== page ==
State Dept Reverses Decision to Bar Iraqi Nun from Entering the United States

Good news. The Obama State Department on Friday reversed its decision to bar an Iraqi Catholic nun from coming to the United states.

Last week, religious freedom advocates loudly objected to the State Department’s decision to bar Sister Diana Momeka from entering the United States as part of delegation of Iraqi minority groups, and several conservative and religious media outlets banged pots and pans to draw attention to the injustice.

Every member of the delegation had been granted visas to visit Washington for official meetings — except Sister Diana,  a representative of the Nineveh Christians, who have been forced to flee Iraq or be slaughtered by ISIS. Sister Diana had planned to tell Americans about ISIS’ violent persecution of Christians during a week-long visit in mid-May -- before she was rejected by the State Department. Now her trip is back on and her supporters are rejoicing.

Fox News reported:

Momeka, who has been likened to Mother Teresa for her work with the poor and persecuted, was turned down, she said, because she was "internally displaced" in Iraq, and deemed a risk to stay in the U.S., where she once lived and studied for six years. Ironically, her displacement came at the hands of ISIS, and is the very subject she hopes to discuss during her trip.

“That really hurt,” Sister Diana told Nina Shea, director of Hudson Institute’s Center for Religious Freedom, in a phone interview after the visa was denied.

“We’re very grateful to the Department of State and happy for Sister Diana.”

- Lou Ann Sabatier, 21st Century Wilberforce Initiative

Now that her visit is back on, Sister Diana plans to come to Washington later this month to meet with the Senate and House foreign-relations committees, the State Department, USAID and various NGOs to describe the atrocities in her area.

Members of the 21st Century Wilberforce Initiative—one of the groups sponsoring Sister Diana’s Washington trip -- told Fox News they were “thrilled” at the news of the State Department’s reversal and look forward to her visit, Lou Ann Sabatier, Communications Director, 21st Century Wilberforce Initiative told Fox News.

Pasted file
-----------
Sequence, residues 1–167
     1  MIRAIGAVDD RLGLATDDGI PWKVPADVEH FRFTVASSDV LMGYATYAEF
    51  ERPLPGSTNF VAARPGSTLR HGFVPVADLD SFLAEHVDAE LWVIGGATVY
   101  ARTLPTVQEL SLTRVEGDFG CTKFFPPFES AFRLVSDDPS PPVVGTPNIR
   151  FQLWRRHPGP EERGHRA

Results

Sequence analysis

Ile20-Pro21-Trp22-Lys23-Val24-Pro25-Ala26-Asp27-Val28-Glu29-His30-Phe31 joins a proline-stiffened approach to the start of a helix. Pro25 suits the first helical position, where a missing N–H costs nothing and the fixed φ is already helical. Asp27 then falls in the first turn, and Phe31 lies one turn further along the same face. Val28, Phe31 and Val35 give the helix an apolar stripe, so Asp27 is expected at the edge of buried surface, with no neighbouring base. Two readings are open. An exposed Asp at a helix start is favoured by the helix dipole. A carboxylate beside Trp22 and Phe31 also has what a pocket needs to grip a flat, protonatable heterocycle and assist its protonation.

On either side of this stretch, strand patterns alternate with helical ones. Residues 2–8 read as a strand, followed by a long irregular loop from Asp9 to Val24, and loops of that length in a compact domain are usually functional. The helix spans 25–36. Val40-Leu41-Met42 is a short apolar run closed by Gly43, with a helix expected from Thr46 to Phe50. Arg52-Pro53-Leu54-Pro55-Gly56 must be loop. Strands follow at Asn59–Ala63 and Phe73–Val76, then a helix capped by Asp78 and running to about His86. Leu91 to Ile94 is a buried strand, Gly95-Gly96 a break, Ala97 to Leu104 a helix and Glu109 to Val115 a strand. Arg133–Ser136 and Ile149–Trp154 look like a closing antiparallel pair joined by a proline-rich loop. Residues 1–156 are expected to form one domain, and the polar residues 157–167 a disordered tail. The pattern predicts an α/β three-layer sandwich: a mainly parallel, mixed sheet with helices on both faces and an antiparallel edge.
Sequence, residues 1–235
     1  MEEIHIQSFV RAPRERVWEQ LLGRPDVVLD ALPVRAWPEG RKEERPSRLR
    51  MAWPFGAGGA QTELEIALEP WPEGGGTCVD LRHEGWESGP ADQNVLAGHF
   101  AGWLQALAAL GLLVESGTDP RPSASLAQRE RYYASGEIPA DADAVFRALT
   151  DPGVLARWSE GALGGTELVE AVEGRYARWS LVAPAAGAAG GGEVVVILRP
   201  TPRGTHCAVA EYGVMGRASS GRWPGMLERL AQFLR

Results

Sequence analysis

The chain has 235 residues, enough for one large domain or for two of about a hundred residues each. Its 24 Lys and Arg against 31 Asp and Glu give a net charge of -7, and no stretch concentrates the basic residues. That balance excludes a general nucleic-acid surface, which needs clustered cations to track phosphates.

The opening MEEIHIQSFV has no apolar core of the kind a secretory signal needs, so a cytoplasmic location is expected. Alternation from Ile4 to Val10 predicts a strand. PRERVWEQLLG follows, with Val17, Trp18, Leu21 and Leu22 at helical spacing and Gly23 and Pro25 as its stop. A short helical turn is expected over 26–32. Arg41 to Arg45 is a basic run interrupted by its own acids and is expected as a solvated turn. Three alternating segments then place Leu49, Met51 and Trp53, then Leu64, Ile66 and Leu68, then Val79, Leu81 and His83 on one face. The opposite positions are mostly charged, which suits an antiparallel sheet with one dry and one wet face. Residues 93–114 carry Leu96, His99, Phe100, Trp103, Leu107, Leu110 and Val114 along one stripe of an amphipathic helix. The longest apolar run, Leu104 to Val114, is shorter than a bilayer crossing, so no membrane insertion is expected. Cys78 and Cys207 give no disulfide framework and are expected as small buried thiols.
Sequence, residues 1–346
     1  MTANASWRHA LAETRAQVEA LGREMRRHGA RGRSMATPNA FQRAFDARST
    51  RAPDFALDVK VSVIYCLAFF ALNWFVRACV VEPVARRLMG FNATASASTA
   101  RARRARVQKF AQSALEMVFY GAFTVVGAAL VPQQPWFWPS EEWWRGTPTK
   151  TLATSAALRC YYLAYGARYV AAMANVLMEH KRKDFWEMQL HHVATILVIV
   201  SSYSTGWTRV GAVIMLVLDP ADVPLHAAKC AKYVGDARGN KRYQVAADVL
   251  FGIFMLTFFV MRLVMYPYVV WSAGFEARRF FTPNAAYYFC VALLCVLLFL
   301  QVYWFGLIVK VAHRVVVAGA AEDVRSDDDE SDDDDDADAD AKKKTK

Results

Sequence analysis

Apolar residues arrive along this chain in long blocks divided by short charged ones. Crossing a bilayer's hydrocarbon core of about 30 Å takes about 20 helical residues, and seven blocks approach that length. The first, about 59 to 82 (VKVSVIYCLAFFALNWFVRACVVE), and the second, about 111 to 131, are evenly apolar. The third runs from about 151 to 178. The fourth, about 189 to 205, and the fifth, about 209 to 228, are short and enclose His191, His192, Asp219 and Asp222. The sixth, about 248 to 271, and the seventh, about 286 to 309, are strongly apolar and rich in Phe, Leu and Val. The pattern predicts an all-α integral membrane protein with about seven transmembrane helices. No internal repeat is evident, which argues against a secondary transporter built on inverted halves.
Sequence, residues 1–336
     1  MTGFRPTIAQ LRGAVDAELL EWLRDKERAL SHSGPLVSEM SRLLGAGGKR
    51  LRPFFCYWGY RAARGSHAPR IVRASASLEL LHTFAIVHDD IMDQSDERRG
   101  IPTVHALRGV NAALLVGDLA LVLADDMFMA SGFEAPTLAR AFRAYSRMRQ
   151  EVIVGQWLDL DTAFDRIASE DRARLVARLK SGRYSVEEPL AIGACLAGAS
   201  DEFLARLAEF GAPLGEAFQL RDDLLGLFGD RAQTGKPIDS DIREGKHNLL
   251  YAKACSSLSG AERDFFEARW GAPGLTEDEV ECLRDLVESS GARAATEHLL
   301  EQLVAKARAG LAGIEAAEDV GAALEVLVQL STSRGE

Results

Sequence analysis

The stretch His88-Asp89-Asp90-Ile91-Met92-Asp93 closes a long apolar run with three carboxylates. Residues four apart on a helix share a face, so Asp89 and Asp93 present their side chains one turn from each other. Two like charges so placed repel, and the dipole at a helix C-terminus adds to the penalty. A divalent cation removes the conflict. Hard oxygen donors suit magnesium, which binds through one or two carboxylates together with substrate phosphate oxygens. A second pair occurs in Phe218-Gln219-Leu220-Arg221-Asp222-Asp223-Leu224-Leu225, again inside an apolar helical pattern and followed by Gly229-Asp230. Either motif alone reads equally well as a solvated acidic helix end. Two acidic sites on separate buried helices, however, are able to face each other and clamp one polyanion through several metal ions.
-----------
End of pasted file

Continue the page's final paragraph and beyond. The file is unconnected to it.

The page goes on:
“We’re very grateful to the Department of State and happy for Sister Diana,” Sabatier said.

According to Fox News, the State Department had no comment on Sister Diana's specific case.

“All visa applications are adjudicated on a case-by-case basis in accordance with the requirements of the Immigration and Nationality Act and other applicable laws,” a State Department spokesman told Fox News.

It looked to one and all like Sister Diana was being unfairly singled out, because there was nothing about her case that distinguished it from cases others who were being allowed in. Sister Diana had multiple documents vouching for her and the temporary nature of her visit.

A letter from her prioress, Sister Maria Hana, attested that the nun has been gainfully employed since last February with Babel College for Philosophy and Theology in Erbil, and is contracted to teach there in the 2015–16 academic year. Erbil, some 60 miles east of Mosul, has remained safe from ISIS.

She submitted an invitation from her sponsors, the Institute for Global Engagement and 21st Century Wilberforce Initiative, headed by former Republican Congressman Frank Wolf. She also had an endorsement letter from Rep. Anna Eshoo, D-Calif.

There really was no valid excuse for the Obama administration to deny Sister Diana a visa, and it was only due to the public outcry that they buckled and allowed the Iraqi "Mother Teresa" to step foot in America..